The “mismatched” concept is very much a play on the characters inside the collection. Each character is mismatched with people they are with. Biddy with Seth, Emma with Richard, the unnamed male with his friends/girlfriend. Yet at the same time, I do feel there is enough difference between all three stories, in the tone, the characters, the individual themes, that they don’t seem, on the surface, like stories that would traditionally belong together, yet they work together. There is a “matched” connection. There is also a nod to Biddy’s horrific fashion sense and decor in the subtitle. Nothing matches! Observant readers will notice that the colours used for the cover match those of Biddy’s clothing and furniture. luke kurtis did a great job in making all those colours work together.
NB: I am not observant, but I had to go back and look and yes. Hat-tip to luke, because the design is gorgeous.
BC: Originally I intended to bring all my previously published fiction together and pepper in a few unpublished stories, but because I write in different genres, I thought it would be best to separate the work. My collection of gay, erotic fiction was grouped together and released as Erotica. I had a few other pieces of unpublished literary fiction I considered including in the Biddy collection but ultimately didn’t. For one, I wasn’t completely satisfied with them as finished stories, for another, those stories all fell into the category of gay fiction. I thought it might be nice, when ready, to do a separate collection with just those pieces (and any others I may have written in the interim). So in the end, three stories were left. Because most people see me as a gay author or a gay, erotic writer, I like the idea of a small collection which highlights another area of my writing. Not everything I write is going to be or has to be about LGBT lives, or sex. Those are some aspects of my work–not all. And in a way, we are back at the start of the question, because for many, the stories in this collection may seem mismatched when held in comparison to my other published work, including my novel, but really, they all share that connective thread of turning points.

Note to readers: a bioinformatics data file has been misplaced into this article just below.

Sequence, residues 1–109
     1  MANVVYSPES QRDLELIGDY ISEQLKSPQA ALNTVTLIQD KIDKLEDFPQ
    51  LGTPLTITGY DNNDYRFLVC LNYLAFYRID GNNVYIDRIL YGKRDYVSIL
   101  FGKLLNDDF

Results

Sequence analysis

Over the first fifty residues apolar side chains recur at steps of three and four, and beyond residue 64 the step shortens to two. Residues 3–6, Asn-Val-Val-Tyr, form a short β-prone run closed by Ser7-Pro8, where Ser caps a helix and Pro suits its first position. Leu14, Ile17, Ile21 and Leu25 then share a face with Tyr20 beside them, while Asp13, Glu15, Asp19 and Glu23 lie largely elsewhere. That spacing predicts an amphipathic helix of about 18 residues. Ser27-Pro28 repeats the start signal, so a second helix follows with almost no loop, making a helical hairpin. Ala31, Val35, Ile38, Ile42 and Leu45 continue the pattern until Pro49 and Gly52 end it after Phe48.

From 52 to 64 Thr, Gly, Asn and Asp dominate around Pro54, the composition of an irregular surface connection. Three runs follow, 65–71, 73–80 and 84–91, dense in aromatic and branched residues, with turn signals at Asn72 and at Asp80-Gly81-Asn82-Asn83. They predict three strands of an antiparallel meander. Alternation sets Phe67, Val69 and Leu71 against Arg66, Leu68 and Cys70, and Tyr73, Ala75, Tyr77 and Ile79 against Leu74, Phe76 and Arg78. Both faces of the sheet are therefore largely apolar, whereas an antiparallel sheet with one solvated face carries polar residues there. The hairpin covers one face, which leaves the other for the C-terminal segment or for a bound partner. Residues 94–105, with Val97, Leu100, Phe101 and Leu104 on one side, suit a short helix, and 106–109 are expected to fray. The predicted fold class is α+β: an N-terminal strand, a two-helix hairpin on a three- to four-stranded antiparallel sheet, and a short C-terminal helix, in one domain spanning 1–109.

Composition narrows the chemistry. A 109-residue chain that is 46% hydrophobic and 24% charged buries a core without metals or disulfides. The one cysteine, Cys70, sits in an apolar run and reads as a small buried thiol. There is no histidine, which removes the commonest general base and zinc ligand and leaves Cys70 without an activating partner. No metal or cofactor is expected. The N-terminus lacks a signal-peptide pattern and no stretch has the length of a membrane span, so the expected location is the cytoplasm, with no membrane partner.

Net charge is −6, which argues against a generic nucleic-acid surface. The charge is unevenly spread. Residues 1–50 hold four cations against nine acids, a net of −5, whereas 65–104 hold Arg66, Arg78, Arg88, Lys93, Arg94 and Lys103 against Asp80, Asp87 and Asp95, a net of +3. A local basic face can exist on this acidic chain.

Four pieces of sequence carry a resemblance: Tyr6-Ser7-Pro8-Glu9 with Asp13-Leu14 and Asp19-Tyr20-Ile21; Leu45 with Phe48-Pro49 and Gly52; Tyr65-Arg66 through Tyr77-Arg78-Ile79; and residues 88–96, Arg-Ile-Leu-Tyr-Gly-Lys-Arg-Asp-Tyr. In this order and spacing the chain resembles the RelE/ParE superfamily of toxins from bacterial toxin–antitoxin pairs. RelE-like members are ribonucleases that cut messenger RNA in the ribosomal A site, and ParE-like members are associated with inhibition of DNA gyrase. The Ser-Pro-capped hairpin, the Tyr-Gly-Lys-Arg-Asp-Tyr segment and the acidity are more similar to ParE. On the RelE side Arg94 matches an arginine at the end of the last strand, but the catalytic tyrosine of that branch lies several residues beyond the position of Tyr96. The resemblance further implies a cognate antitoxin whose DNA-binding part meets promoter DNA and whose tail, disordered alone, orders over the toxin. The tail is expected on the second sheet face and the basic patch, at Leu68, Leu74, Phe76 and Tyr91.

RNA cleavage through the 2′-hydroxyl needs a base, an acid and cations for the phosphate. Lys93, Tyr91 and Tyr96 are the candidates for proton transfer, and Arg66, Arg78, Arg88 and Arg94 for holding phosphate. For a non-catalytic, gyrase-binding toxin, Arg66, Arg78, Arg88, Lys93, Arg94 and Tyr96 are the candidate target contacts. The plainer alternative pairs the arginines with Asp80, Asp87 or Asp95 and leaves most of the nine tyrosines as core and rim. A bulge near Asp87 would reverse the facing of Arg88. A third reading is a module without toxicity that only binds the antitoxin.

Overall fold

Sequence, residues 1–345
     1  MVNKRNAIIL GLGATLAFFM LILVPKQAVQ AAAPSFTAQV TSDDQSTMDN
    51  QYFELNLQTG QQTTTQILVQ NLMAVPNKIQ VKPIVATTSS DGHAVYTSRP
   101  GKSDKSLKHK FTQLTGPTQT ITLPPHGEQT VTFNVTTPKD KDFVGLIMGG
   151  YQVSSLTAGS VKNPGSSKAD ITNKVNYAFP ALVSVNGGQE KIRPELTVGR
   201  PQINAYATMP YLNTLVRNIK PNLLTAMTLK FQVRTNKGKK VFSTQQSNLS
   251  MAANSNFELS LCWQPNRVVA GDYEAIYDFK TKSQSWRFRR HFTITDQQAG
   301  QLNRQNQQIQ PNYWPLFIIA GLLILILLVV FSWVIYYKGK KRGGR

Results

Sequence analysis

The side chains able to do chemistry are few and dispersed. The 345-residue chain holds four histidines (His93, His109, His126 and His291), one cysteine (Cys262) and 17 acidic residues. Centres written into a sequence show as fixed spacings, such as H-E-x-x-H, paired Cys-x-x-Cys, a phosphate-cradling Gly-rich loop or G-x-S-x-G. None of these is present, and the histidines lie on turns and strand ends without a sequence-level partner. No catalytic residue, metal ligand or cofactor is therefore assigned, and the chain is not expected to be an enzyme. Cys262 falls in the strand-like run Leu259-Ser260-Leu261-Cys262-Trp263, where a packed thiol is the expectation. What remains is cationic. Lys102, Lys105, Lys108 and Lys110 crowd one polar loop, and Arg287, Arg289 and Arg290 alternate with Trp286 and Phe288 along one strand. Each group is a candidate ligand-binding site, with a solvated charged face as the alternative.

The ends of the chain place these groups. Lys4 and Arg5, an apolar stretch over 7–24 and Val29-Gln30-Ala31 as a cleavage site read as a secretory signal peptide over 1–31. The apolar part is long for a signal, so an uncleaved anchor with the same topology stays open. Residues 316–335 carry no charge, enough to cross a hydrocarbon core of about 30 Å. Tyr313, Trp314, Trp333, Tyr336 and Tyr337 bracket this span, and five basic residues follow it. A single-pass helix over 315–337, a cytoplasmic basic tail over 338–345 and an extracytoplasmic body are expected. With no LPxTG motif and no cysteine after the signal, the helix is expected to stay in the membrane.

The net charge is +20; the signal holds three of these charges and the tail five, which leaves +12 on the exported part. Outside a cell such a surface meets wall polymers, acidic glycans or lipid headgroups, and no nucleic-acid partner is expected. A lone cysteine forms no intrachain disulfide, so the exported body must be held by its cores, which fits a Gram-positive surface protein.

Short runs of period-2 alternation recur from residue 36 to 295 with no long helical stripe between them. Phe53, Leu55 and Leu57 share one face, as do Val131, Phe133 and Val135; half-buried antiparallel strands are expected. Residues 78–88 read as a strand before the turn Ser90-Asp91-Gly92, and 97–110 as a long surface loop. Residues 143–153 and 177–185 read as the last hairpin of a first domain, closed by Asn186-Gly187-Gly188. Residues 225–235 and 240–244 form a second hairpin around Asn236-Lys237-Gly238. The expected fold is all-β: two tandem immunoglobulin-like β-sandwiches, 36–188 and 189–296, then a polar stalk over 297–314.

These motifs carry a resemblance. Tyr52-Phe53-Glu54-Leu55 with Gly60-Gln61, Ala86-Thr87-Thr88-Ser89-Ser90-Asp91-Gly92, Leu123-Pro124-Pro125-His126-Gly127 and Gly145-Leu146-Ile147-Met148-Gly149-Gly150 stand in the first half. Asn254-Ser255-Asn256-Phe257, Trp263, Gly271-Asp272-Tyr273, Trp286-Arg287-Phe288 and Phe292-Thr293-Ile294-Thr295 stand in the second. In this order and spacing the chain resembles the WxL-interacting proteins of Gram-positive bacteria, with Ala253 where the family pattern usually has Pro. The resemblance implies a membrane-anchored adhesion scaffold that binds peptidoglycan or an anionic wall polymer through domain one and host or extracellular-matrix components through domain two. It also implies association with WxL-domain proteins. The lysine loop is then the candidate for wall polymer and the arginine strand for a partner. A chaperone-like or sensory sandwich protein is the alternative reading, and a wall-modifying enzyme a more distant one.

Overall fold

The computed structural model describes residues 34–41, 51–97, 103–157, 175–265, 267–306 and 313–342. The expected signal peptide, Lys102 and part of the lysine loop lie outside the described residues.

NB: Well, I loved them. Thanks for stopping by, Brian!
If you would like a copy of I Voted for Biddy Schumacher, visit New Lit Salon Press here, or check out your closest brick and mortar store (Indiebound is a great way to search for your closest physical bookstore, here.) And, of course, you should be able to find the title wherever quality short fiction is sold.
Brian Centrone is the author of the short story collections I Voted for Biddy Schumacher: Mismatched Tales from the Mind of Brian Centrone and Erotica, and of the debut novel An Ordinary Boy (now out of print, but worth hunting for –NB). His stories and poems have been featured in college newspapers and literary and arts journals. Four of his One-Act plays have been produced for the stage as part of the National Endowment for the Arts’ The Big Read program. He teaches writing in New York. Visit Brian at www.briancentrone.com for more info. Follow him on Twitter @briancentrone.